I believe that the way into a new period is by research - investigate the new period, get to know and understand it. That should be a pleasure in itself. Then check out the rules and figures afterwards.

Even if you're a butterfly, it's better to be an informed butterfly.

Tuesday 27 November 2012

A New Project...

... but definitely not a new period. I don't have the time, money or motivation for a new period. But I have settled on a small, do-able project that will involve a modest number of purchases and a bit of scratch building.

Some years ago I had an idea about putting on a demo game at one of the shows, based on the German air assaults on the Dutch airfields around the Hague during the 1940 blitzkrieg. I never went ahead with it - just another idea shelved. But I recently came across some great information on these attacks, and once again I was thinking they would make a great game. But I had no desire to create battalions of Dutch infantry, plus heavy weapons and vehicles, to oppose the Germans - this would put far too much strain on my limited financial resources and (more importantly) my very slow rate of painting. I wanted to have this project finished promptly, and ready to play soon after Christmas.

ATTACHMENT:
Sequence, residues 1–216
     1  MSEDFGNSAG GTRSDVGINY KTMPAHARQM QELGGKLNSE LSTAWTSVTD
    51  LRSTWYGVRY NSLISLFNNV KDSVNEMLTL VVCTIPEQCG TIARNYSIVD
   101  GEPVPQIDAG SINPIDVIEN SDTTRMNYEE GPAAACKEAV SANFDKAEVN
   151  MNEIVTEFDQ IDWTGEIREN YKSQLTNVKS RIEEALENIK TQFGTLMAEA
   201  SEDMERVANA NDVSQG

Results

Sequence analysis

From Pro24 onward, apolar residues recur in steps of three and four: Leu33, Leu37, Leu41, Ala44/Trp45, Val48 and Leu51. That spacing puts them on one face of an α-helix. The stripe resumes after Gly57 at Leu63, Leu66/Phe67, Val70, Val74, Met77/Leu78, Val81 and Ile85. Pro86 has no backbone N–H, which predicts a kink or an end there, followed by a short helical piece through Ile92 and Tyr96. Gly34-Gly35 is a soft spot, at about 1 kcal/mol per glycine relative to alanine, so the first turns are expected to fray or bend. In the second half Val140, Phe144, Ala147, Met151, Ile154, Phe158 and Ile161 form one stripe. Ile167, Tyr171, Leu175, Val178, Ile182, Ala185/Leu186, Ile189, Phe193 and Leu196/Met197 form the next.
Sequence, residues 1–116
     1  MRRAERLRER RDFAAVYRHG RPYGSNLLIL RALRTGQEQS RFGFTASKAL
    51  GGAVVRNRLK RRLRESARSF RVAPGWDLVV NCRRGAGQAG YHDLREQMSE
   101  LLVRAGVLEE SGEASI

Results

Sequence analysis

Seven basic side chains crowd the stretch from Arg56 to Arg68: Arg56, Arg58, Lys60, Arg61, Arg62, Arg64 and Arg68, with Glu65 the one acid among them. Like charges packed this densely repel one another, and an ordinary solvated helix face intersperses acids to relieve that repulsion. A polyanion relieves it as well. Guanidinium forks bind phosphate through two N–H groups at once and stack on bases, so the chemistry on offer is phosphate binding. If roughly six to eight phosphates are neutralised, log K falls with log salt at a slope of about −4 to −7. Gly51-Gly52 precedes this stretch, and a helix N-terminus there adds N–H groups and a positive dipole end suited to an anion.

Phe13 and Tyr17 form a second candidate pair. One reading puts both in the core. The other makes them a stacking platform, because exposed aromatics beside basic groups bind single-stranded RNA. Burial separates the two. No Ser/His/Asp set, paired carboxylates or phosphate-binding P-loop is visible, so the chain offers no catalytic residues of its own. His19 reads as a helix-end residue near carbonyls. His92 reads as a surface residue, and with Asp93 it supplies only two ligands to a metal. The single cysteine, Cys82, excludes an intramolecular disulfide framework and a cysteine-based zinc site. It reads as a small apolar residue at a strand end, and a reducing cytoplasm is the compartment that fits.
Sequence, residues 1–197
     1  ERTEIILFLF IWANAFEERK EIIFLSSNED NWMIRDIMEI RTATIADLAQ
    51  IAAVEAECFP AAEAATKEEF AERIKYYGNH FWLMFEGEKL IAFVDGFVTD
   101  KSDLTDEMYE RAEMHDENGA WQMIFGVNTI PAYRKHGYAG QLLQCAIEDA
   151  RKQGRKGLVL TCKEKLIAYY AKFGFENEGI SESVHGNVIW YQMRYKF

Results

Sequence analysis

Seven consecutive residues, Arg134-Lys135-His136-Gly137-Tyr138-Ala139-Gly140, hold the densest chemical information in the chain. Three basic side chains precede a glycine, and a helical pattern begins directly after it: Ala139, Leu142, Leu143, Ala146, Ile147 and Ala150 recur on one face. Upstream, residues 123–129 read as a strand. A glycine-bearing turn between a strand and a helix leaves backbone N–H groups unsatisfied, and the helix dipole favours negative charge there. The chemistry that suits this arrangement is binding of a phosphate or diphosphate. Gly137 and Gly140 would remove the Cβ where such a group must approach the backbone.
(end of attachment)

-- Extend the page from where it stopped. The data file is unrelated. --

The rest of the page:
The solution was straightforward enough - do the scenario, but transpose it to the Polish campaign. The most interesting aspects of each of the 3 airfield attacks could be amalgamated into one scenario, with the Poles standing in for the Dutch. It wasn't too fanciful to imagine similar attacks taking place against Polish airfields during 1939. And I mean really... Poles, Dutch, how many wargamers can tell the difference?...

For the Dutch M36...
...substitute the Polish Wz.29. Simples!
The Scenario
Those interested in the details of the real actions should visit the link already given above. Briefly, I would need an airfield to attack, but also sufficient surrounding area to allow for some off-airfield manoeuvre. This latter area would accomodate the arrival of reinforcements, parachute drop zones and maybe one or two secondary objectives. I settled on a 6' x 6' table formed of nine 2' TSS tiles, with the airfield located roughly in the middle.